Ignore the News

The purpose of the news is to get your attention and sell your eyeballs.

Its secondary purpose is to inform.

Do you write a daily blog? Where do you get your ideas? I have a few methods I use to get daily ideas– sometimes from conversations, or offline stuff, and sometimes from online when those methods fail me.

When I write a post, the absolute last inspiration method I use is what’s topical. It’s at the very bottom of the list. Perhaps that has made my traffic suffer– but if everyone is writing about something, I want to avoid it, not add my two cents. That’s my way– but a lot of other blogs differ in how they work. Many are more successful than this.

The purpose of the news source is to get your attention and sell your eyeballs. If it succeeds at this it gains marketshare, and it leverages interesting, current subjects to do this. Choosing an unpopular subject makes it far more difficult to interest people. If you’re picky, it makes your life harder.

I challenge you to 7 posts that have nothing to do with anything going on in the news or the blogosphere. If you do this, here’s what will happen:

New methods. You’ll learn that there are more ways to be inspired than to read your RSS feed or Twitter. You’ll discover patterns around you that help you understand what goes on. You’ll see yourself getting more from the offline space.

Increased interest. Your existing audience will learn something new about you, or will sit up and pay attention to what you write, because you’ll be writing differently. You’ll find that you get more comments from the lurkers because they’ll see a change in your patterns.

Different audience. You’ll attract a new kind of reader. People in your space already know about you and what you’re about. Ann Handley not only does MarketingProfs but also writes the personal blog Annarchy, in which she reveals a whole other side of herself. These two attract different kinds of people.

What methods are you using right now to help you write? Can you live without them? Think about it.






6 responses to “Ignore the News”

  1. Jake LaCaze Avatar

    Julien, this post made me feel better about my own blog. Thank you, sir. 😉

  2. Diane Brogan Avatar

    In addition to your good looks and friendly personality, it is your thinking that makes you so great.

  3. Colleen Clifford Avatar

    See? This is precisely why I love your blog. It’s good philosophical soul-searching, motive-questioning mull-it-over-for-the-next-two-days stuff, not the same dreck that is regurgitated on one blog and then seemingly handed off to the next.

    Thank you for caring enough to say something original. 🙂

  4. Ryan G Avatar

    Julien you rock man. I have been straddling this very fence now for the past couple of months.

    Initially when I got in to blogging in 2006, I just went for it. I posted whatever and didn’t think much about it. I did some topical stuff, but that wasn’t my premise. It was about sharing experiences and creating perspective. As a result I made new friends and acquaintances and within about 6 months I left my cozy full-time job to provide blog marketing services.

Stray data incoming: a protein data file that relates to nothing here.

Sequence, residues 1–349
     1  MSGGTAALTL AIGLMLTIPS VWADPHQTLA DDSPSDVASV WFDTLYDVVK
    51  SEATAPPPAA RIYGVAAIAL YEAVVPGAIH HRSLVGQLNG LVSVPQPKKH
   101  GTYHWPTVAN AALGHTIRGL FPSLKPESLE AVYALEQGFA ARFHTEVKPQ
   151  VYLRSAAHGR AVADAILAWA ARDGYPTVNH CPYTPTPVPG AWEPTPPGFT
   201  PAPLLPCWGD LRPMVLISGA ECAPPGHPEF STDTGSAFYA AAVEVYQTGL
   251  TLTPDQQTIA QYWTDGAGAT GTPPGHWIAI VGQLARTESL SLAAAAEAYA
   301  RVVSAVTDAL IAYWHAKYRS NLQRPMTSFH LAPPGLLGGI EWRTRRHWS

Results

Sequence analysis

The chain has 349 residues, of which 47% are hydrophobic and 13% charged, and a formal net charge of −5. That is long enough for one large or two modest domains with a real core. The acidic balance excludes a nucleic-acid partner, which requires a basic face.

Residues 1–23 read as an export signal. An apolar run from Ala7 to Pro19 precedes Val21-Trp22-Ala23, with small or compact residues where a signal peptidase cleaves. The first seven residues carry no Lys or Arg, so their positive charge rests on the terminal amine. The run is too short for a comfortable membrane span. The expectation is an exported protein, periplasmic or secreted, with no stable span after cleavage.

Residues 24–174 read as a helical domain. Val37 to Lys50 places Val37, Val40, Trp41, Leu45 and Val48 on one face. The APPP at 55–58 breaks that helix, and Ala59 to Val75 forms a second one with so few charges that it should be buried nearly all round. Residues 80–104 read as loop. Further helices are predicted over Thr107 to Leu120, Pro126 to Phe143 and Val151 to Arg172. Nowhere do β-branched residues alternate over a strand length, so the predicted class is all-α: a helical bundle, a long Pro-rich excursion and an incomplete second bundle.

A few months ago I got caught up doing topical writing but after a short while I came to the realization that I was just chasing news media tail. It wasn’t setting me apart from myself, so how could it set me apart from others.

    Today I am working on a new approach and I totally respect your approach. I share your material with others more than any other single source of inspiration. Go figure.

  5. Duff Avatar

    Hmmm, I donno. It’s extremely common for personal development blogs to write about avoiding the news, either to find one’s own style or to avoid “negativity.” So in that sense, this isn’t a new thing to write about.

    On the one hand, I see your point and it has validity. Write from what you are most interested in instead of pandering to the crowd or simply following the trends. Find your source of creativity from the inside-out.

    On the other hand, some news sources are incredible and open up perspectives one couldn’t have thought of before. Compare Fox News to The Economist or the New York Times for instance. Some blogs are so insightful I wouldn’t want to drop them for anything.

    And then there’s the perspective that only if we know what others are talking about can we truly write something different.

  6. Julien Avatar

    Hey Duff, I think we’re coming at this from two different perspectives, but coming to the same conclusion.

    I’m interested in people getting rid of their usual (often banal) sources of “inspiration” and getting down to what they actually care about (hint: this has often less to do with Apple products and more to do with… I dunno, anything else).

    I agree that we shouldn’t ignore the news completely, and that good sources (The Economist is great) can help our understanding of the world. I just think blogs get caught up in the news cycle too much. I think you’d probably agree with that.

    Btw, I’ve read your blog and I like it a lot, particularly the cynicism. Not sure if I ever mentioned it, but I do.

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